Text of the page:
In my imagination, a hidden bookshop is about as exciting to happen upon as a pirate’s lair or unmapped island or lost, underwater city. Of course, in any self-respecting bookstore, all these other wonders and more do exist—between covers, on the shelves.
My five-year-old son and I, one Saturday morning after his ice skating lesson, wandered into Churchmouse Bookshop at St. Mary the Virgin Anglican church, which is tucked away on a little side street in Victoria’s community of Oak Bay. Housed in the back of the main church, the shop was as substantial as a small library, the selection broad and tempting. It was abuzz with busy volunteers and locals browsing the shelves. Coffee and cookies were available, as were tables and chairs where people sat chatting, knitting, reading.
My son found a stack of picture books on a little stool and began to resort them. I found myself chatting with Craig Hiebert, St. Mary’s reverend, who told me the sturdy, beautiful bookshelves on wheels had once been pews in the very space where we were standing. A handy parishioner had transformed them.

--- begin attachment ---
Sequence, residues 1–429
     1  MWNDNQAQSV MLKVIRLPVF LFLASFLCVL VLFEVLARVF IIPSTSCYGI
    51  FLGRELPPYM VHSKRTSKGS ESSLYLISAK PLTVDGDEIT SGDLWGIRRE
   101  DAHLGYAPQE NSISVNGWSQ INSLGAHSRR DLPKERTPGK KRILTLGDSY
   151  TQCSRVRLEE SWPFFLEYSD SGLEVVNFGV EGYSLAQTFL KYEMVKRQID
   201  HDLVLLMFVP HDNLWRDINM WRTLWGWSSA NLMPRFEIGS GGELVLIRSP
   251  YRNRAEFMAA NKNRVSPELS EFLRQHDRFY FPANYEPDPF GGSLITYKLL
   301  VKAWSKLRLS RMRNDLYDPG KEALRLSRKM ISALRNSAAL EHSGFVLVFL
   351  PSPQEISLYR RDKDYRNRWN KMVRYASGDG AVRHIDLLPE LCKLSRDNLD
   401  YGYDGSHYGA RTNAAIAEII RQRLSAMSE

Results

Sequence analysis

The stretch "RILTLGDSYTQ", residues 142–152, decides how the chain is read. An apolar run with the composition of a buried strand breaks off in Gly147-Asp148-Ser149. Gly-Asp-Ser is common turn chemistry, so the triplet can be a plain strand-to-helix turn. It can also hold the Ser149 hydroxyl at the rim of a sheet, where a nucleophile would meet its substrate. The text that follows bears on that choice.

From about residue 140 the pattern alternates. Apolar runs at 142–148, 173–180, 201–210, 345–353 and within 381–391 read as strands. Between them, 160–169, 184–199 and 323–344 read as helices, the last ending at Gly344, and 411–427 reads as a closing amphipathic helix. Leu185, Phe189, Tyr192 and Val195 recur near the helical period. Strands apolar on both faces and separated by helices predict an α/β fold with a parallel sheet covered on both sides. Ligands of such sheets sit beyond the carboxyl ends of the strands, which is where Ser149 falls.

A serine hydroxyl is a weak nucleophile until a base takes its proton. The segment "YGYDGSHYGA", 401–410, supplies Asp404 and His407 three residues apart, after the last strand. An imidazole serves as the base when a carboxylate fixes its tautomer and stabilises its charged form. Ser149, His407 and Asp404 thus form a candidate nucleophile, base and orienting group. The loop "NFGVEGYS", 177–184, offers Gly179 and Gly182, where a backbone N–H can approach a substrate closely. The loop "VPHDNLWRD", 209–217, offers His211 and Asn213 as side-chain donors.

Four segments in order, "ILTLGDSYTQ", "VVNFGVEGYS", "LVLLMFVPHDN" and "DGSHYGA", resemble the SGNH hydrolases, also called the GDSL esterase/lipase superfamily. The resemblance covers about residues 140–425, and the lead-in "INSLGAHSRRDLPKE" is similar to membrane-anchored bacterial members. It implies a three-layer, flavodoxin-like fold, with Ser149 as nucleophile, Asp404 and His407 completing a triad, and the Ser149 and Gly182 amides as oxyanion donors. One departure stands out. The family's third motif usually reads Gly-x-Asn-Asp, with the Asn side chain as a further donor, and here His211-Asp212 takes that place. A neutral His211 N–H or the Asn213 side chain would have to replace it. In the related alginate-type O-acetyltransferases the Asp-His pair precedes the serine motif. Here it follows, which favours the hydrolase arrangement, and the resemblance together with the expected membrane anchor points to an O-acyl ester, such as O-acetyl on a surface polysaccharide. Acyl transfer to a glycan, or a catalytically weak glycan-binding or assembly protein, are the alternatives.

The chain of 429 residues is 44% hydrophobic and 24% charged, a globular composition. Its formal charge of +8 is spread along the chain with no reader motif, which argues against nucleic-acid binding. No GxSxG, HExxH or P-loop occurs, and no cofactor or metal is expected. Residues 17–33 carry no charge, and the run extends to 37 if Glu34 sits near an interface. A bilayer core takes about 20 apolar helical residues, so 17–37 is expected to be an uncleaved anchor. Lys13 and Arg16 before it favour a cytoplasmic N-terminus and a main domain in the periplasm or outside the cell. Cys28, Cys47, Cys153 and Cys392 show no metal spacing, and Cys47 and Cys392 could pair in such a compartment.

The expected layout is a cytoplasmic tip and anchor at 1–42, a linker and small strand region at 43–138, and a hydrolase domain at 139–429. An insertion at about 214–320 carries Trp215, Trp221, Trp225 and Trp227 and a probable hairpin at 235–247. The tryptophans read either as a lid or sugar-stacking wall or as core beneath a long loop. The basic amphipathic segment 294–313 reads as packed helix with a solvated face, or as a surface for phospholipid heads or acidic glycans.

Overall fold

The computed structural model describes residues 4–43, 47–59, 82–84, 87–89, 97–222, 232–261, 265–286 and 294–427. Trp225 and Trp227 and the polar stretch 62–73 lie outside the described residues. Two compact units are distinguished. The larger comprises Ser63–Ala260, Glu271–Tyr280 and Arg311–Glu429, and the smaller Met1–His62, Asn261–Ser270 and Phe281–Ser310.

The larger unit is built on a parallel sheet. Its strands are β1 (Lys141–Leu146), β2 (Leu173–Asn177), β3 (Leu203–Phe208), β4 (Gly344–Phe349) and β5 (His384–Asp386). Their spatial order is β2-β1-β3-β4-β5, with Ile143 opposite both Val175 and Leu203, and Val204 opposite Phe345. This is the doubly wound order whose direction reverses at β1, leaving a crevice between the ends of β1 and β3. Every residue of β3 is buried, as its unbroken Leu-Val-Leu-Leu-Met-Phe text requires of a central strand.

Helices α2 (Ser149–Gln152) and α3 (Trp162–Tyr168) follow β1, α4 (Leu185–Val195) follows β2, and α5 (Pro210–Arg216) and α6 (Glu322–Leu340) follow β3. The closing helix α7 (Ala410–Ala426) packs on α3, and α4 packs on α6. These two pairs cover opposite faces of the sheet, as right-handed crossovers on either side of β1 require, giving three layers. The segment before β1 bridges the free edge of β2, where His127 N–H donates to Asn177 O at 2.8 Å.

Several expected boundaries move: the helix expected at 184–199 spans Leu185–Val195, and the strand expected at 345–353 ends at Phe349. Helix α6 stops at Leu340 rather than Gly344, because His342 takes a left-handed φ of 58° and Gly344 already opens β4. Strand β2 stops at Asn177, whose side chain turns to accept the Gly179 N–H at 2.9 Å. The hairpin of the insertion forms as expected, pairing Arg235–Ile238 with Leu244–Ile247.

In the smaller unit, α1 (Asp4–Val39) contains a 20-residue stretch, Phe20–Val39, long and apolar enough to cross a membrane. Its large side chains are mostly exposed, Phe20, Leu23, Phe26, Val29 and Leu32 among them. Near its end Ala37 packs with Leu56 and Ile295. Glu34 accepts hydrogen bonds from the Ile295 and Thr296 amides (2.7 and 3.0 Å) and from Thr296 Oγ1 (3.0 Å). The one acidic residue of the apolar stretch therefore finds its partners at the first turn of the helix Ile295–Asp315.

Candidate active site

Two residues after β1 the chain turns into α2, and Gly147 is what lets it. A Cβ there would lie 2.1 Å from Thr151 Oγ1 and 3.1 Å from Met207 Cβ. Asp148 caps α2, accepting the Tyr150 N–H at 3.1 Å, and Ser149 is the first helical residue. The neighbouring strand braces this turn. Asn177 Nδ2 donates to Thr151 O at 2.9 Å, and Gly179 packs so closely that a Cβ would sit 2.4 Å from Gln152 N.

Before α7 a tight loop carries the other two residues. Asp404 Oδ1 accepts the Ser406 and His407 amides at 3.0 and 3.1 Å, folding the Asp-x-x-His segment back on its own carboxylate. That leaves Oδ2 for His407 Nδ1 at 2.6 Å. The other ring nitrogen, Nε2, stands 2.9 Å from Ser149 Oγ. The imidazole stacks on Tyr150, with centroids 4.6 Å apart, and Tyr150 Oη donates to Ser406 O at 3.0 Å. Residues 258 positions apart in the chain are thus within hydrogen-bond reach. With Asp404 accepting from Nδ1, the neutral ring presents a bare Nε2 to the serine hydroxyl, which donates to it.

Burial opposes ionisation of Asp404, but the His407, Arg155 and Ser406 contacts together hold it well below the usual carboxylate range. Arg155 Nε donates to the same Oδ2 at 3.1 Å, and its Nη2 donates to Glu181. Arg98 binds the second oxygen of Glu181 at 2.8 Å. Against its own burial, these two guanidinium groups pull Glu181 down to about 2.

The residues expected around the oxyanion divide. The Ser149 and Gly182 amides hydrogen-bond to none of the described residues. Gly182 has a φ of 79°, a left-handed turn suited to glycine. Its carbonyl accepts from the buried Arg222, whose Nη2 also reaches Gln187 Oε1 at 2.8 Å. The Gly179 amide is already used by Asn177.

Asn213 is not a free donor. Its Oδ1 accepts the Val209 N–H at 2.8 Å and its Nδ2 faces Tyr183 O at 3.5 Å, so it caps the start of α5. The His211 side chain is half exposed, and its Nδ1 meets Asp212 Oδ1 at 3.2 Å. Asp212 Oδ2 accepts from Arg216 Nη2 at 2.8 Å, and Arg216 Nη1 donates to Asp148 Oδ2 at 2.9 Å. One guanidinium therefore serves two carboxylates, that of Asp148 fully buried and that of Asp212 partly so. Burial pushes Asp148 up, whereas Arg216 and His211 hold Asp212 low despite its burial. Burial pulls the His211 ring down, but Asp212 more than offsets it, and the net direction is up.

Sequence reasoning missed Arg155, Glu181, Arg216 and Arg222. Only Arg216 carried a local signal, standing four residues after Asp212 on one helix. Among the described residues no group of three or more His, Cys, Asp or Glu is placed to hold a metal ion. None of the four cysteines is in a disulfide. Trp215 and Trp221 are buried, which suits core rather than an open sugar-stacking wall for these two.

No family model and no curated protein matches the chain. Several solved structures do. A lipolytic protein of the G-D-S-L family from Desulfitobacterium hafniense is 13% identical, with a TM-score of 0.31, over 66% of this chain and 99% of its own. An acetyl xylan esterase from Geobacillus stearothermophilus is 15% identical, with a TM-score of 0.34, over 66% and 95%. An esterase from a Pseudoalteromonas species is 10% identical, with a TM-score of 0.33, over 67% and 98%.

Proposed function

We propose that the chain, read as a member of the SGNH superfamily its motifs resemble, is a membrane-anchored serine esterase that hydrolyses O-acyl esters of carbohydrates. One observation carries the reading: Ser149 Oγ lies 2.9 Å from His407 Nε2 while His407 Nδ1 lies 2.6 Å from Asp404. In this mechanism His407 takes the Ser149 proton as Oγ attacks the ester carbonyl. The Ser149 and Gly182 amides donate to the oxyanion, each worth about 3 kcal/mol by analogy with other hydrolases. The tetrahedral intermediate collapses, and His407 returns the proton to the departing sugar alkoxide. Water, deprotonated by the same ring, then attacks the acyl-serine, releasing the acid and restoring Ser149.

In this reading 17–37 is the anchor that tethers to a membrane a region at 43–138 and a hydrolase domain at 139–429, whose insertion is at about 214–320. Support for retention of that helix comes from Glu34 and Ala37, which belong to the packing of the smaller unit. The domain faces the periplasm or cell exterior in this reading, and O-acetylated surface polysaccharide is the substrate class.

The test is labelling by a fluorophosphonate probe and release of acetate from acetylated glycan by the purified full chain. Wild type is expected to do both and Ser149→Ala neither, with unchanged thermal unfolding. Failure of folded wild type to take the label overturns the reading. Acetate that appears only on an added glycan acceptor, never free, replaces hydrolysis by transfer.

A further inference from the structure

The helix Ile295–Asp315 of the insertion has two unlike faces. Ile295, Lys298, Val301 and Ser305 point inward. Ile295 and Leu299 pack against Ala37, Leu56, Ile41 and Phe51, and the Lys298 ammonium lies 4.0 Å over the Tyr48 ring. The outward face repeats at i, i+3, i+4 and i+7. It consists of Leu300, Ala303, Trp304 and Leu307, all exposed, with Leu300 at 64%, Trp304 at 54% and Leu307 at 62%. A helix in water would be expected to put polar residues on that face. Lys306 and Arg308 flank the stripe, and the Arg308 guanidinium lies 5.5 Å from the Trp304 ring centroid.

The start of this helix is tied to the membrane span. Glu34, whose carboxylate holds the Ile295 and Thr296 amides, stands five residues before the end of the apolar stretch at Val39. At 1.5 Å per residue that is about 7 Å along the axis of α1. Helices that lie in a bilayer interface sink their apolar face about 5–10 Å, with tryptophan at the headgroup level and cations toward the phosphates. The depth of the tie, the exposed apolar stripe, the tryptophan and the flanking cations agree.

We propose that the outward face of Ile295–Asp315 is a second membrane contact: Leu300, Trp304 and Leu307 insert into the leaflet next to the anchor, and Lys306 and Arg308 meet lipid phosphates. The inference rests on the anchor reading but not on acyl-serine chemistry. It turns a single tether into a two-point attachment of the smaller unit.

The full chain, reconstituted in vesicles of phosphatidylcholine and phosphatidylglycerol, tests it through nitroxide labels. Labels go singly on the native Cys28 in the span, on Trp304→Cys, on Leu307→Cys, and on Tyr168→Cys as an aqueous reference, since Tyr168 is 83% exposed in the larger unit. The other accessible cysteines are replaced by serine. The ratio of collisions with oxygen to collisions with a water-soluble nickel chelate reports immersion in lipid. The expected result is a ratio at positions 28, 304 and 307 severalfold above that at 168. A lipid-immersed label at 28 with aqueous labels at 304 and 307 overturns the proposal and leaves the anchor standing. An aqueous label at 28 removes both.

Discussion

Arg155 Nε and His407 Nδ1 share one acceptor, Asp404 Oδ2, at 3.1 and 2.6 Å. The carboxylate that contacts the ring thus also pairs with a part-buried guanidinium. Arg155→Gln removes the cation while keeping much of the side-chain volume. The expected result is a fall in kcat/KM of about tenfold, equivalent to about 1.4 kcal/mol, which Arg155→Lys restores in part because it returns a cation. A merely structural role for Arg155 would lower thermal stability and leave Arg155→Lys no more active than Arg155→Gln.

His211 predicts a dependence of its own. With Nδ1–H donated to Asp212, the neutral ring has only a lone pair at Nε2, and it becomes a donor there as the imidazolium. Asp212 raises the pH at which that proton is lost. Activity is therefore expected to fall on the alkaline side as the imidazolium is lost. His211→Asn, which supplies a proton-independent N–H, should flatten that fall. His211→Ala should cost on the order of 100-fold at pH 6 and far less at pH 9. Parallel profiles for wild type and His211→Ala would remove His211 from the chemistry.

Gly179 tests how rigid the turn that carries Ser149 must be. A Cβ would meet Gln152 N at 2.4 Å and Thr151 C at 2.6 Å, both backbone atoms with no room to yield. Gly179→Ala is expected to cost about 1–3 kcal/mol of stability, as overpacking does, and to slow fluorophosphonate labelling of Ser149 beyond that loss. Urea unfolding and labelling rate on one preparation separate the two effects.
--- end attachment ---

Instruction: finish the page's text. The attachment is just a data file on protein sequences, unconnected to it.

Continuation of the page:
Now that this roomy and inviting bookshop space existed in the back of the church, the folks at St. Mary’s were hoping the community would make use of it. Maybe for story times, Craig said. Maybe book readings. Maybe music. I met Kim Foster, Churchmouse Book’s volunteer manager. I learned that she, too, shared this vision, and spent her time here not as a parishioner—which she is not—but simply as an engaged member of the community. I was delighted, intrigued, and won by the openness of this place. (It didn’t hurt that one of the bookshop volunteers had, by now, taken my son in hand: she’d found some scraps of paper for him to cut up, and loaned him mini sewing scissors for the purpose.)
Next thing I knew, Churchmouse After Hours, a monthly coffeehouse, was born. Here’s the deal. We gather one evening a month. We pick a theme. We invite people to come armed with a poem they love, a short piece of prose or very short story (or excerpt), a song they can sing or play. We engage in a couple of hours of exploration of our theme, by turns playful, serious, silly, arresting, troubling, unexpected, profound.
We expressly ask our literary “Churchmice” to share written work by others, even if they are accomplished authors themselves. Our hope is to create a space for anyone to participate, not just writers, where people feel comfortable sharing something that has touched them, stuck with them, delighted them, given them pause. Many of us are makers, yes, of stories, poems and songs, but many more of us are readers and listeners. At Churchmouse, we read or are read to—or both—sing or are sung to, tell or hear stories. We both give and receive.